Helenium flexuosum Raf.

Southern Sneezeweed

Helenium_flexuosum_plant.jpg
STATS

Native
CC = 3
CW = 0
MOC = 58

© SRTurner

Family - Asteraceae/Heliantheae

Habit - Perennial forb with fibrous roots.

Stems - Ascending to erect, to 1.2 m, typically single from base, few-to many-branched above the midpoint, narrowly to broadly winged with decurrent leaf tissue, glabrous or sparsely to moderately pubescent with short, sometimes curved or curled, more or less spreading to loosely ascending hairs, also moderately dotted with sessile to impressed, yellow glands.

Helenium_flexuosum_stem.jpg Stem.

© SRTurner

Leaves - Basal and alternate, simple, sessile. Blades glabrous or sparsely to moderately pubescent with short, sometimes curved, mostly spreading hairs, also moderately dotted with sessile to impressed, yellow glands. Basal and lowermost stem leaves absent or withered at flowering, not or only slightly smaller than the median stem leaves, the blade narrowly oblanceolate to less commonly narrowly obovate, unlobed or with few to several shallow, rounded, pinnate lobes. Median and upper stem leaves 3-12 cm long, narrowly oblanceolate to oblong-oblanceolate, unlobed, the margins entire or few-toothed, somewhat tapered at the base, long-decurrent as wings of green tissue along the stem, angled or tapered to a usually sharply pointed tip.

Helenium_flexuosum_stem2.jpg Stem and leaf.

© SRTurner

Helenium_flexuosum_leaf1.jpg Leaf adaxial.

© SRTurner

Inflorescence - Loose, open clusters or panicles of heads, these appearing long-stalked. Peduncles carinate, densely strigose, scabrous.

Heads - Radiate. Involucre saucer-shaped, the bracts in 2 unequal to subequal series, those of the outer series sometimes fused at the base. Involucral bracts 15-21, 6-18 mm long, 8-18 mm in diameter, the outer series of involucral bracts fused at the base, spreading to more commonly reflexed at flowering, linear to narrowly triangular or narrowly lanceolate, the midnerve inconspicuous or sometimes somewhat keeled, the outer surface moderately to densely pubescent with minute, curved hairs, also moderately gland-dotted. Receptacle strongly convex, hemispherical to nearly globose, often slightly enlarging as the fruits mature, naked.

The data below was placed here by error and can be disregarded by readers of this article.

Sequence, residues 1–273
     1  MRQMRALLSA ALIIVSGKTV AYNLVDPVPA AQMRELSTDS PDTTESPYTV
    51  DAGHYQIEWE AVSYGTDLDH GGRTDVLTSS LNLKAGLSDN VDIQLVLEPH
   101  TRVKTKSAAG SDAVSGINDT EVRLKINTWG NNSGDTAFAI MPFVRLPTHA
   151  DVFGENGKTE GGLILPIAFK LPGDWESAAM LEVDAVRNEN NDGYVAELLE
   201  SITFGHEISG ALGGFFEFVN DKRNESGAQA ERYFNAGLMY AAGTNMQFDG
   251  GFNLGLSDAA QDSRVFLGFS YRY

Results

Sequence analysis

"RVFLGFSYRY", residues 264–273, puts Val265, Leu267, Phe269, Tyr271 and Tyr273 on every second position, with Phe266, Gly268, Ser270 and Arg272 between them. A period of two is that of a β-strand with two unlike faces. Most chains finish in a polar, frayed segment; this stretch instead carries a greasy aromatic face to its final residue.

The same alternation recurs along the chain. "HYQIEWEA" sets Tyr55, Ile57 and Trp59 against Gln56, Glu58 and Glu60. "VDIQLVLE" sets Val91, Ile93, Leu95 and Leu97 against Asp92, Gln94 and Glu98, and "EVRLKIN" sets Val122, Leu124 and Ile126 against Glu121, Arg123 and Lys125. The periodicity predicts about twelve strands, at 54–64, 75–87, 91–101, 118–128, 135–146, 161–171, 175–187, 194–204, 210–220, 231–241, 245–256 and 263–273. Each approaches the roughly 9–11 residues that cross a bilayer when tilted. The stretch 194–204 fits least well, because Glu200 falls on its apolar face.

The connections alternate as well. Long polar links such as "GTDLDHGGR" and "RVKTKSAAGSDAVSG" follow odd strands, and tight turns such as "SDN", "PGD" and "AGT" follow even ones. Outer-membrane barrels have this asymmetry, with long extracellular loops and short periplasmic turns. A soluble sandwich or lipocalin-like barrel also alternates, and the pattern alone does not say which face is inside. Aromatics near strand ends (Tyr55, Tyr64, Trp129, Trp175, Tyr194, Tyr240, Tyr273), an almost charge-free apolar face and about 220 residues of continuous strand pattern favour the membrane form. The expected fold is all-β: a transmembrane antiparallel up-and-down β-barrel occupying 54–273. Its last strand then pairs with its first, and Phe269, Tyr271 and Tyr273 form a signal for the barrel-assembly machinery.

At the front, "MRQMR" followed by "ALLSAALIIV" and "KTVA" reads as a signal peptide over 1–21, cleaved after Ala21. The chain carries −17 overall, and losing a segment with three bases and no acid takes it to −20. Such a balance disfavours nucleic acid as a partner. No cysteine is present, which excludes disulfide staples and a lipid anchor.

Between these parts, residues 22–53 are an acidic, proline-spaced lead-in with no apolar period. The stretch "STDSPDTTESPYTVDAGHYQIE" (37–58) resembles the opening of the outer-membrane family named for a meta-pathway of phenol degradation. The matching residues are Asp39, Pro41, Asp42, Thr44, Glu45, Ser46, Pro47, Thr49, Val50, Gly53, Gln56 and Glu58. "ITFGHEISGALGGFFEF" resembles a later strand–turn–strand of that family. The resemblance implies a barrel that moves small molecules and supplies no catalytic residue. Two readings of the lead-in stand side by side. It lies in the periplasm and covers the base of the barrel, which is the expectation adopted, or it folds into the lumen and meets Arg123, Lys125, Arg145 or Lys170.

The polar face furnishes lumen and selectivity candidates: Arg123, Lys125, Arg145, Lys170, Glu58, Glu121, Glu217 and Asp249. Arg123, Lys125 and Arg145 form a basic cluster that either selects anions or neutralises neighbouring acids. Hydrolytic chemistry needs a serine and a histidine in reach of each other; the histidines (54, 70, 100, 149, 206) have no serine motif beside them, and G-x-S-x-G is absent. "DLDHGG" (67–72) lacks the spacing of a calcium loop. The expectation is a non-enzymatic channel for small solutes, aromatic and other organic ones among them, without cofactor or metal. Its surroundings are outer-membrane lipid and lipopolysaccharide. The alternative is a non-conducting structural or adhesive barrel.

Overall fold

Helenium_flexuosum_head1.jpg Flowering head.

© SRTurner

Helenium_flexuosum_head2.jpg Flowering head.

© SRTurner

Helenium_flexuosum_involucre.jpg Involucre.

© DETenaglia

Helenium_flexuosum_flower.jpg Flowering head.

© DETenaglia

Flowers - Ray florets 8-13, sterile, the corolla 5-20 mm long, yellow, occasionally with reddish streaks or reddish-tinged toward the base, 5-lobed at apex, tapering to the base, densely pubescent below, glabrous above. Disk to 1.5 cm broad. Disk florets perfect, the corolla 2.5-4.0 mm long, reddish brown to dark purple, usually 4-lobed. Pappus of 5 scales, 0.8-2.0 mm long, the awned tip relatively long.

Fruits - Achenes 1.0-1.7 mm long, wedge-shaped, with 5 ribs, the surface brown but this obscured by the often dense, sessile, yellow glands, the ribs moderately to densely pubescent with white hairs.

Flowering - June - November.

Habitat - Bottomland forests, pond margins, streambanks, ditches, swamps, wet depressions of prairies, fields, pastures, ditches, railroads, roadsides, moist open disturbed areas.

Origin - Native to the U.S.

Lookalikes - H. autumnale, H. virginicum.

Other info. - This species is found in Missouri mostly in the southern half of the state. It is also found throughout the southeastern quadrant of the continental U.S., and also the upper Midwest, where it is considered introduced. The plant is easily recognized by the distinctive appearance of the flowering heads. The disk is nearly spherical, and the ray florets are wedge-shaped and lobed on the ends. Two closely related species, H. autumnale and H. virginicum, appear somewhat similar but have yellow disks instead of purplish-brown. Unlike H. flexuosum, those species also have fertile ray florets.

Some plants in this genus contain a sesquiterpene lactone known as helenalin. This compound contains a Michael acceptor which imparts significant pharmacological activity, including toxicity, and it has been investigated as an anti-cancer agent. It is also bitter to the taste, and its dust causes violent sneezing, a property which classifies it as a "sternutator." Fortunately, the bitter flavor of Helenium spp. discourages grazing by livestock. Not only can the plant turn the milk of cattle bitter, but ingestion of significant quantities causes a syndrome called "spewing disease," which includes vomiting, diarrhea, and potentially death.

The plant is visually attractive when in flower and deserving of more widespread cultivation. The genus name honors Helen of Troy, though the connection between the plant and the mythological figure is cryptic. The dried disks have been powdered and used as snuff.

Photographs taken at Bethel Prairie, Barton County, MO., 7-4-03 (DETenaglia); also Shaw Nature Reserve, Franklin County, MO, 7-24-2007 and 8-26-2017, and Canaan Conservation Area, Gasconade County, MO, 8-11-2013 (SRTurner).